Texas inked 16 future Longhorns on Wednesday. The 2020 recruiting class signed national letters of intent throughout the country on the first day of the early period. Texas’ group currently ranks 11th in the nation and second in the Big 12. It’s headlined by five-star running back Bijan Robinson and four-star quarterbacks Hudson Card and Ja’Quinden Jackson.
The cycle didn’t end for Texas, however. The Longhorns need more than 16 players in the 2020 class and will get an opportunity in January to recruit a handful of remaining prospects to add on national signing day on the first Wednesday in February.
So, what should fans expect before the book is closed on the 2020 class? Let’s take a look.
The top uncommitted prospects
There are four clear targets remaining for Texas. The top priority is four-star defensive tackle Alfred Collins. The Bastrop Cedar Creek standout is expected to announce his college destination at the All-American Bowl in San Antonio on Jan. 4. He has maintained throughout the cycle that he’ll wait until after December to pick a school. Baylor, Oklahoma, Texas A&M and Alabama are also in the mix.
Texas signed only two defensive linemen on Wednesday. The Longhorns hope to add Collins, but that’s not the only local defensive lineman on the radar. Manor’s Princely Umanmielen is still in play despite his decommitment from Texas in October. Umanmielen was never a fan of the odd-man front deployed by former defensive coordinator Todd Orlando. The hiring of Chris Ash, a coordinator known for a 4-2-5 defense, might get Umanmielen back on campus before signing day.
The third defensive target on the board is five-star cornerback Kelee Ringo. The Arizona product has been a long-time target for the Longhorns and he hosted an in-home visit with UT coaches last week. Georgia was considered the favorite throughout this season, but Texas continues to gain momentum. Ringo won’t sign until February, which is good news for a Texas program hoping to get him back on campus one more time.
The one obvious offensive target remaining is three-star slot receiver Kelvontay Dixon. The Carthage product is the younger brother of UT running back Keaontay Ingram. He chose to wait until February because his Carthage team is playing for a state championship on Friday morning. He was a one-time pledge to Arkansas.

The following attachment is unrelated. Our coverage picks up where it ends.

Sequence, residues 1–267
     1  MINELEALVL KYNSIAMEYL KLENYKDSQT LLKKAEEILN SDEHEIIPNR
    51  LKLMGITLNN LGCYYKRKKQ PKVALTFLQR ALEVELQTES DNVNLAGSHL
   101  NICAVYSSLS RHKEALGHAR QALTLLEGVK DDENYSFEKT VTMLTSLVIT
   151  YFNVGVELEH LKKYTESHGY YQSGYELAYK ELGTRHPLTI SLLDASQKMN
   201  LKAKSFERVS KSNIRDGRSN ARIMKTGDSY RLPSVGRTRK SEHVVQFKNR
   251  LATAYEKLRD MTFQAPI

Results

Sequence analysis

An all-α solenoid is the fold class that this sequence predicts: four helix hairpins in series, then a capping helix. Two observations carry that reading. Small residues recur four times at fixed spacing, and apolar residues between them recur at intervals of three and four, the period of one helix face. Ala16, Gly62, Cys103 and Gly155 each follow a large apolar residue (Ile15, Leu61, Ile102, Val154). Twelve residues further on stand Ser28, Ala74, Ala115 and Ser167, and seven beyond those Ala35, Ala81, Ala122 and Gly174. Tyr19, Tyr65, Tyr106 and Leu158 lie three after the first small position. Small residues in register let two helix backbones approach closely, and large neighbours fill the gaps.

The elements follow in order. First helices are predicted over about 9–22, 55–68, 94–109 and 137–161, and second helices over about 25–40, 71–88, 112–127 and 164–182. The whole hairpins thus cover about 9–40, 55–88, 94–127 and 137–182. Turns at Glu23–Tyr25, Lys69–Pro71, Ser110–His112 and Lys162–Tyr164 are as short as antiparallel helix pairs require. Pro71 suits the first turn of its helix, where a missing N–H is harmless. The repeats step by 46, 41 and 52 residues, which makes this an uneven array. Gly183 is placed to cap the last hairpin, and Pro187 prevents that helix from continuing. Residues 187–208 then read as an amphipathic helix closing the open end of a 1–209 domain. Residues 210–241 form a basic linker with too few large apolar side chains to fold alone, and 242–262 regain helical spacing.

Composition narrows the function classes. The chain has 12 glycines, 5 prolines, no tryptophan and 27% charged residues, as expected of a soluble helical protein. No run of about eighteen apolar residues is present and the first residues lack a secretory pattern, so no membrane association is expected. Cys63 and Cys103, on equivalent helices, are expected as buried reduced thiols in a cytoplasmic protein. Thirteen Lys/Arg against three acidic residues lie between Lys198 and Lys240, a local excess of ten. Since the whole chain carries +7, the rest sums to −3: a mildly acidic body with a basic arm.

Areas of need
Expect new names to emerge with offers as the new coordinators begin to identify a handful of targets. The obvious areas of concern are on defense and at wide receiver. Texas signed excellent classes at quarterback and offensive line, and Robinson gives Texas a true star at running back. The defensive numbers aren’t as impressive; only six defenders signed on Wednesday.
The two defensive line targets are Collins and Umanmielen. Ringo is the second cornerback of the class in an ideal world. It’s hard to identify the other targets until new offers pour out in January and the dust settles after the early period, which ends Friday. Texas must comb through the unsigned prospects to find bodies at linebacker and in the secondary if Ringo ends up at Georgia.
Linebacker is the most glaring area of weakness in the class. That’s on top of the news that 2019 linebacker signee De’Gabriel Floyd has been forced to give up football due to stenosis. Linebacker is a weak spot for the Longhorns and the group needs an influx of talent and speed. Texas offered 16 different linebackers before December. The Longhorns landed one in Highland Park outside linebacker Prince Dorbah. The other 15 are committed to other programs.
Texas signed another quality class under Herman no matter what happens before the next signing period. Adding Collins and Dixon, and the possibility of Umanmielen and Ringo, should give fans plenty to care about in the final month of the cycle. That wasn’t true in the past two years when Herman wrapped up No. 3-ranked classes by the early period.
The 2020 class won’t have the sheer volume of players as those previous two classes, but it’s an excellent haul considering the Longhorns went 7-5 and are undergoing coaching changes on both sides of the ball. Tom Herman and his staff held on to most of its recruits despite those struggles, and that’s not easy with high-level talent.
The average ranking of the players in Texas’ class is actually better than it was in 2019. That only increases if we remove transfer Bru McCoy from that group. It wasn’t a year that the Longhorns contended for a recruiting title or signed two dozen prospects, but this class is full of players who can help in the immediate future. Eight of the 16 signees plan to enroll early.